The study cohort was obtained by identifying all patients whose residence before hospital admission was a NH. Of the 375,372 patients in the 2005 NHDS dataset, 1904 (0.5%) were admitted from a NH and of the 376,328 patients in the 2006 NHDS, 1752 (0.5%) were admitted from a NH (Figure 1). The population was then restricted to patients age 45 years and older. This restriction was set in place because there were few patients below the age of 45, and was not expected to be representative of the typical NH population.

Figure 1
Flow chart for selection of study cohort

The NHDS data is suitable for the current study because it has data on source of admission and discharge disposition, which allows for the identification of patients who were NH residents before hospital admission and those who died during hospitalization, respectively. Other variables in the NHDS dataset include age, sex, race, marital statues, primary discharge diagnosis, hospital bed size, region, and ownership, type of hospital admission, source of payment, discharge month, and length of stay. The given variables were used to create multiple dummy variables to be used for analytical purposes. For example, the dummy variable Medicare was created from the variable source of payment. The International Classification of Diseases, 9th revision, Clinical Modification (ICD-9-CM) was used to define all medical diagnoses and surgical procedures (Box 1). The ICD-9 codes were also used to define the top ten primary discharge diagnoses.

Box 1ICD codes used to define chronic comorbidities and acute and acute-on-chronic conditions

Chronic comorbidities:

  1. Coronary artery disease
    • 412, 414.00, 414.01, 414.05, 414.8, 414.9, 414.10
  2. Hypertension
    • 401.0, 401.1, 401.9, 402.00, 402.10, 402.11, 402.90, 402.91, 403.01, 403.11, 403.90, 403.91, 404.03, 404.13, 404.91, 404.92, 404.93
  3. Heart failure
    • 428.0, 428.1, 428.20, 428.21, 428.22, 428.23, 428.30, 428.31, 428.32, 428.33, 428.40, 428.43, 428.9
  4. Chronic obstructive pulmonary disease
    • 491.20, 491.21, 491.22, 491.8, 492.0, 492.8, 493.20, 490, 493.22, 496, 494.0, 493.92, 493.90, 491.1, 491.9
  5. Dementia
    • 294.8, 331.82, 331.19, 290.42, 291.2, 294.10, 294.11, 20.0, 290.21, 290.20, 290.3, 290.40, 290.41
  6. Depression
    • 296.0, 296.2, 296.20, 296.23, 296.3, 296.30, 296.33, 296.34, 296.4, 296.40, 296.5, 296.50, 296.2, 296.3, 296.4, 296.5, 296.6 300.4, 311, V79.0

Acute and acute-on-chronic conditions

  1. Acute respiratory failure
    • 518.81
  2. Acute myocardial infarction
    • 410.02, 410.12, 410.41, 410.42, 410.70, 410.71, 410.72, 410.81, 410.91, 410.92, 429.7, 411.0
  3. Acute renal failure
    • 584.5, 584.8, 584.9
  4. Stroke
    • 433.10, 433.11, 433.30, 433.31, 433.81, 434.00, 434.11, 434.91, 435.1, 435.8, 435.9, V17.1, 997.02, V12.54
  5. Pneumonia
    • 481, 482.0, 482.1, 482.2, 482.40, 482.41, 482.49, 482.82, 482.83, 482.84, 482.9, 486, 487.0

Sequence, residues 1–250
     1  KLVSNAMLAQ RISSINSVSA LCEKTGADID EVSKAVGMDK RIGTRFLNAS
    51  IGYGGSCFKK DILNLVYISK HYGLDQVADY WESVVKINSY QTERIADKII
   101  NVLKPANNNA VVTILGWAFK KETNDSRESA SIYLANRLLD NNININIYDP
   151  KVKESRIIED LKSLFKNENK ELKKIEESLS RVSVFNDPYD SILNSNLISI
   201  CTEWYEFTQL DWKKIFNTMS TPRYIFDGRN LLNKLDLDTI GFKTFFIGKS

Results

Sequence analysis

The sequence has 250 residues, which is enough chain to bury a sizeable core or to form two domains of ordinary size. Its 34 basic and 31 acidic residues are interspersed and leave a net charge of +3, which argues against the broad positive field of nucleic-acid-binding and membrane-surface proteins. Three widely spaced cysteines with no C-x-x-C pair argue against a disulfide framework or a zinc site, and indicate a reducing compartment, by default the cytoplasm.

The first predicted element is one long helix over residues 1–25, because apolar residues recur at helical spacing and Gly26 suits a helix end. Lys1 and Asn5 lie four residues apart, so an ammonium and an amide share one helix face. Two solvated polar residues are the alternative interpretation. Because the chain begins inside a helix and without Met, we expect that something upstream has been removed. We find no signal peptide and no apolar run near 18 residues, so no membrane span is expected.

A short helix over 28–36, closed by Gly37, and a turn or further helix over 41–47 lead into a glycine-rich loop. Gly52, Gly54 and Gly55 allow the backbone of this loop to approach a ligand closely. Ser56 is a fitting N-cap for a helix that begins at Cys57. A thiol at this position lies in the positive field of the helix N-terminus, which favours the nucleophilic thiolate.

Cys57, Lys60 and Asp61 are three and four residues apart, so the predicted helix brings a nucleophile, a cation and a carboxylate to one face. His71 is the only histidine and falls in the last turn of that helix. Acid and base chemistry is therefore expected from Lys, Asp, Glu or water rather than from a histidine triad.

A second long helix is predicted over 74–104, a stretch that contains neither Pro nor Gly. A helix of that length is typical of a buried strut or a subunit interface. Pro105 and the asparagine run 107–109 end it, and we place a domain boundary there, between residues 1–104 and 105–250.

6. Septicemia
    • 038.0, 038.10, 038.11, 038.19, 038.3, 038.40, 038.42, 038.43, 038.44, 038.49, 038.8, 038.9
  7. Delirium
    • 293.0, 293.1, 293.81, 290.41, 290.11, 290.3, 292.81
  8. Volume Depletion
    • 276.5, 276.50, 276.51, 276.52

Statistical Analysis

We began by comparing baseline characteristics of NH residents from the 2005 and the 2006 NHDS datasets and tested for statistical significance by using Chi-square test and student t-test for categorical and continuous variables, respectively (Table 1). Then we identified the top ten ICD-9 codes for primary discharge diagnoses separately for each year's cohort and presented their frequency distributions (Table 2).

Table 1
Baseline characteristics by survey year
Table 2
Top 10 ICD-9 codes for primary discharge diagnoses by year

We developed a multivariable logistic regression model to determine the predictors of inhospital mortality among hospitalized NH resident in the 2005 dataset. In the model, in-hospital mortality was the dependent variable and various baseline characteristics were entered as covariates. Covariates entered into the model included chronic comorbidities (coronary artery disease, hypertension, dementia, depression, chronic heart failure, and chronic obstructive pulmonary disease) and acute conditions (acute heart failure, acute myocardial infarction, pneumonia, volume depletion and electrolyte imbalances, septicemia, acute renal failure, and acute respiratory failure), hospital length of stay 6 days or longer, hospital bed size less than 200, and emergency hospital admission. These covariates were selected based on their known clinically relevant prognostic importance. Except for race, all other covariates had a significant (P <0.10) bivariate associations with in-hospital mortality. However, we chose not to use bivariate significance as the basis of covariate selection as that approach may potentially reject otherwise prognostically important covariates.10 We forced age, sex and race into the model, and entered other covariates in a forward stepwise method. Age was categorized into four groups, <65 years, 65-74 years, 75-84 years, and ≥85 years. Age categories 65-74 years, 75-84 years, and ≥85 years were used as dummy variables with age <65 years as the reference category. A Hosmer and Lemeshow Goodness-of-Fit test P value of 0.683 suggested that model's estimates fit the data at an acceptable level. A Hosmer and Lemeshow Goodness-of-Fit test P <0.05 would suggest a poor fit, that is, a significant difference between the observed and predicted values of the dependent variable. An area under a receiver operating characteristic (ROC) curve of 0.78 indicated that the model had a reasonably good discrimination power to differentiate between patients with and without in-hospital mortality.